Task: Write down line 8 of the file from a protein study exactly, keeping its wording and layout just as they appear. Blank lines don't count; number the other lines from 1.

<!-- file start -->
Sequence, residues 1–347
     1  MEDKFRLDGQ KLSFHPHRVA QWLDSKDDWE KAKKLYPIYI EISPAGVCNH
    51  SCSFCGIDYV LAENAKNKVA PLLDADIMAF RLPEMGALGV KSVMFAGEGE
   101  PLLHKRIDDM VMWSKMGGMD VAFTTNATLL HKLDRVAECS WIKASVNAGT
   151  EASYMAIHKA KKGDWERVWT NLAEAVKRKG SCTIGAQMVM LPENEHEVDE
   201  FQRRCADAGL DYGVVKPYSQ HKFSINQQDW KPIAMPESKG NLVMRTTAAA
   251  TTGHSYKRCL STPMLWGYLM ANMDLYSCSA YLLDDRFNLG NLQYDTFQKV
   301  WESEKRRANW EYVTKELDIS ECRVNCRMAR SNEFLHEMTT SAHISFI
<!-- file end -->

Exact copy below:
   301  WESEKRRANW EYVTKELDIS ECRVNCRMAR SNEFLHEMTT SAHISFI